At a time when the tradition of evening family prayer has been declining in Kerala, Simon scheduled daily prayer at home. Whatever was his daily work, Simon would be home by 8pm to lead the family prayer for one hour. If he came home for lunch, Bindu said, he would ensure that all the children slept in the afternoon (schools are closed due to the COVID pandemic) so that they would not fall asleep during the prayer time later in the evening.
Simon survived several falls while at work, while cutting trees and breaking down buildings. In fact, his vertebra and hip disk were displaced six months ago. Doctors said the only option was a major surgery that his family couldn’t afford.
Poor as he was, Simon said, “I will pray.” In three months, he was back to normal work; then, shortly after, came the fatal fall from the coconut tree.
“Children are not liability, but assets,” Simon repeatedly told his children. Simon displayed a banner at their parish promoting pro-life initiatives and encouraging large families. However, his children were upset when the banner went missing and reported it to him.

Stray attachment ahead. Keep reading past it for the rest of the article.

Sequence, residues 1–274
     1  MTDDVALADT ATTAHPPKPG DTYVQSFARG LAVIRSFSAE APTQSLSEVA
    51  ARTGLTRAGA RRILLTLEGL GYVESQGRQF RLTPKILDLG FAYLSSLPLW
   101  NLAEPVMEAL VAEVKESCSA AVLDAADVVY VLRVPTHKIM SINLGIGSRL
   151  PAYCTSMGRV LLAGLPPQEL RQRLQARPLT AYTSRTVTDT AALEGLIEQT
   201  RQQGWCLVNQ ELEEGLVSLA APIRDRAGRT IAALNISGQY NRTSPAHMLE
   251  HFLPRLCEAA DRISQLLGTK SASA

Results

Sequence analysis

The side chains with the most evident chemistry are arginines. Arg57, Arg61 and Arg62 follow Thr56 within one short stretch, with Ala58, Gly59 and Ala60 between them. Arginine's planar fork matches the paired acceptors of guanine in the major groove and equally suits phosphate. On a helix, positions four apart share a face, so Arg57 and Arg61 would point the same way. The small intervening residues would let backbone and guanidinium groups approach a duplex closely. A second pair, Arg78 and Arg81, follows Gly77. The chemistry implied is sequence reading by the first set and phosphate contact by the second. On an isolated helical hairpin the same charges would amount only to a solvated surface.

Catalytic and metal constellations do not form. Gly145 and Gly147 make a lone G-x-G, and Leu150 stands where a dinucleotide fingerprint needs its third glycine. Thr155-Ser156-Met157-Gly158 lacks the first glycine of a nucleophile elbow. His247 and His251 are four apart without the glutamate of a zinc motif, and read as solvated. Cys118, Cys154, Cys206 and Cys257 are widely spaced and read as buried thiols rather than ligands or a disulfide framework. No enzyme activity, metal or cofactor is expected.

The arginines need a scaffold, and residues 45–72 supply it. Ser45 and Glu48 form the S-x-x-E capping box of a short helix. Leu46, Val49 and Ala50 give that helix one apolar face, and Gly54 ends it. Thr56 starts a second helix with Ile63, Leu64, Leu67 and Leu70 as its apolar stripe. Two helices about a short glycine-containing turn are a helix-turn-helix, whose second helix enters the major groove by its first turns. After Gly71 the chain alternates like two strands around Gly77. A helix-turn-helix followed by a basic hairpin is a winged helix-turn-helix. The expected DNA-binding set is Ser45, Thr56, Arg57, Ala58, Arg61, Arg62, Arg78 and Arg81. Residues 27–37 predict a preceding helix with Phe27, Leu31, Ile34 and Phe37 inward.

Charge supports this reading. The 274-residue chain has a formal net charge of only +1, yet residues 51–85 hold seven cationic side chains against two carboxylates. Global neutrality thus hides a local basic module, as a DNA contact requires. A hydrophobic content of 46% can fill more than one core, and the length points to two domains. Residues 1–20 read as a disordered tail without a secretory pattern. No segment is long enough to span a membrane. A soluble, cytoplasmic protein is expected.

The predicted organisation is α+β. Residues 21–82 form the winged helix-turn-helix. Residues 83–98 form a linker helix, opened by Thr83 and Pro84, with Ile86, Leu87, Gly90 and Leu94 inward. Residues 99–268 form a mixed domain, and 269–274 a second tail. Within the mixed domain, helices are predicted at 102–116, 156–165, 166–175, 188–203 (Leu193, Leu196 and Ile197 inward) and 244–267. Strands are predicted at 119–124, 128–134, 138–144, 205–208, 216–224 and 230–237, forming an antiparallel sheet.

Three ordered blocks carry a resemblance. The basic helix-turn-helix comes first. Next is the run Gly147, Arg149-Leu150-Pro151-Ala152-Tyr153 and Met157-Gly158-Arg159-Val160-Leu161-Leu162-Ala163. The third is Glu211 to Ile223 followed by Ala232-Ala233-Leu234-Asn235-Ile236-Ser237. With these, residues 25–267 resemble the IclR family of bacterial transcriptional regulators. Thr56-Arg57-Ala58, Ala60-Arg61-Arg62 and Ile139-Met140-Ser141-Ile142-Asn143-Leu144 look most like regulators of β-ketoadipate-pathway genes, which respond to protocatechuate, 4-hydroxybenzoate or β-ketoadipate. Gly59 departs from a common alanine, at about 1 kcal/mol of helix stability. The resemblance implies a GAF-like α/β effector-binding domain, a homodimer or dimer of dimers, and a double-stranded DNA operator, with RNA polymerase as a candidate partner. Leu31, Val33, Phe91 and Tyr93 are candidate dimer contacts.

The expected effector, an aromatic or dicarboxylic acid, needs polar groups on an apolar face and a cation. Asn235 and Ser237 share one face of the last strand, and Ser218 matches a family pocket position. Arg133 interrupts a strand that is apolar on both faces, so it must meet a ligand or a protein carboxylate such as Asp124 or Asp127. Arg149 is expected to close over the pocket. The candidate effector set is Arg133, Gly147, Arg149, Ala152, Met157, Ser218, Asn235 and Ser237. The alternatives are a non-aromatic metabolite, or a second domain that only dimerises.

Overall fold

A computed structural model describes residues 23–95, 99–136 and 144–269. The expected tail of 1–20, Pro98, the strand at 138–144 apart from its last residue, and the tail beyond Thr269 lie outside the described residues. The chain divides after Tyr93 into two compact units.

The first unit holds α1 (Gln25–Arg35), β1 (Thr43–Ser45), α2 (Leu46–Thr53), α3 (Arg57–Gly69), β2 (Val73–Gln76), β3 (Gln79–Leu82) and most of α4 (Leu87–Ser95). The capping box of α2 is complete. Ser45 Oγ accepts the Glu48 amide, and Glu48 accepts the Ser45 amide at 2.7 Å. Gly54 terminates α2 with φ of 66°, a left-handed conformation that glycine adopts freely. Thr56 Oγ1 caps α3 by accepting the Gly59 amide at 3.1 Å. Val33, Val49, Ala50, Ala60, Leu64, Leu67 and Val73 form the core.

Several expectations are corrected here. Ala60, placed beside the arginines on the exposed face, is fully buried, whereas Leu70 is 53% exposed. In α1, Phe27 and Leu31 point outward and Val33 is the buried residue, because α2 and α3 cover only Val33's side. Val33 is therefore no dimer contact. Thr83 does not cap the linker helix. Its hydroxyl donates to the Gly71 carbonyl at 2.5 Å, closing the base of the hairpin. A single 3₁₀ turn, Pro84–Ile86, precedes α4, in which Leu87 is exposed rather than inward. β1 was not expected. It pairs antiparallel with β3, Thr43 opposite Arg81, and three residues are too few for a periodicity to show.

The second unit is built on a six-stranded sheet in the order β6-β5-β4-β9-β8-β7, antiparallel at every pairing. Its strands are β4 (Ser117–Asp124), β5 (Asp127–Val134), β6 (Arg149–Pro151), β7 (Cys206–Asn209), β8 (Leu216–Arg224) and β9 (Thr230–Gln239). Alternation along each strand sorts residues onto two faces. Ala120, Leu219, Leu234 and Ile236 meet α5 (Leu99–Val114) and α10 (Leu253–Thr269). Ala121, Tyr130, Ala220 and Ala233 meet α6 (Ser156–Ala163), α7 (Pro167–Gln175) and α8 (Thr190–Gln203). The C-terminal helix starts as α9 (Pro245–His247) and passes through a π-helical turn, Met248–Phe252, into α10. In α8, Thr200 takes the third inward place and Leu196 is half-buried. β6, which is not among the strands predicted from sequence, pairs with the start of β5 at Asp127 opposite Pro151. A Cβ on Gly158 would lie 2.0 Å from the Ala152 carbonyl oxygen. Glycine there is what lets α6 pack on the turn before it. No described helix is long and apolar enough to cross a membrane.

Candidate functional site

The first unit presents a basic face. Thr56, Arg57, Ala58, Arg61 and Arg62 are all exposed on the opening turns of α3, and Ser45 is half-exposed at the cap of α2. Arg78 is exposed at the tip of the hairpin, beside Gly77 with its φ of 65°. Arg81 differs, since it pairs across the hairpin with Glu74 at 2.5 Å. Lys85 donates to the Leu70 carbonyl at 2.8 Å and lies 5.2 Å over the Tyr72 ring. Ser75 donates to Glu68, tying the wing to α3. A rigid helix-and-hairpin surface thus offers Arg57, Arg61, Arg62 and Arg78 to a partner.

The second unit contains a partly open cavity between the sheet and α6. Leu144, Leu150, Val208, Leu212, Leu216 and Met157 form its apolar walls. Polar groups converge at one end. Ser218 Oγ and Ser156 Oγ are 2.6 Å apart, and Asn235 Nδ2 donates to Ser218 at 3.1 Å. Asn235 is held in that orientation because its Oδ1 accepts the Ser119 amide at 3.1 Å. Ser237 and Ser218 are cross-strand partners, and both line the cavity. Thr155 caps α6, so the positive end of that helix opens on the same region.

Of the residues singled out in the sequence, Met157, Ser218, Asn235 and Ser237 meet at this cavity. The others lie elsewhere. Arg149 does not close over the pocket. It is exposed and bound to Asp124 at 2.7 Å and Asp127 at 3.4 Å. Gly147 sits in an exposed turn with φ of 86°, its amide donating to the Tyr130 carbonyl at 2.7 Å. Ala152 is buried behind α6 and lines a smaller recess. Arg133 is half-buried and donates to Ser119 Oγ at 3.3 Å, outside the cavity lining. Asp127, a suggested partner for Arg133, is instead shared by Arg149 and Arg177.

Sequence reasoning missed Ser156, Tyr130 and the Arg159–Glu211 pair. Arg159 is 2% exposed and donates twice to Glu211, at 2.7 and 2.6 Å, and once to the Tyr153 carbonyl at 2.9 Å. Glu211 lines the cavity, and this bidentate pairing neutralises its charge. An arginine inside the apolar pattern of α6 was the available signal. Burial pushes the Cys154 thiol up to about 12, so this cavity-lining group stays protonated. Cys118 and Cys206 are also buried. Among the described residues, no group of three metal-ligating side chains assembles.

Simon checked neighborhood cameras but could not trace how it disappeared.
He promptly took the parish priest, Father Joby Puthur, on his motorbike to the police station.
As the news spread, they got a call before reaching the police station notifying them that the banner had been located. “That was his passion for pro-life activities. He lived his faith,” remarked Father Puthur.
It was this passion that endeared the simple daily-wage-earner’s family to the Thrissur Archdiocese, which honored them as the “Big Family” during the Thrissur Archdiocese’s grand Buon Natale parade for three years in a row.
“His dream was to have a family like that of Jacob, with 12 children,” said Bindu, who miscarried their unborn child after Simon’s death. “I pray now that I am able to nurture them into God-fearing children, as he wanted.”
Right now, Bindu is grateful for the financial assistance that is pouring in. Following Simon’s death, the monthly support for the family was doubled by the Thrissur Archdiocese from 10,000 rupees to 20,000 ($280), while others are also chipping in.
“There will be a lot of sympathy and support right now. We will make sure they do not suffer,” Archbishop Thazhath told the Register.
Calls for Enhanced Assistance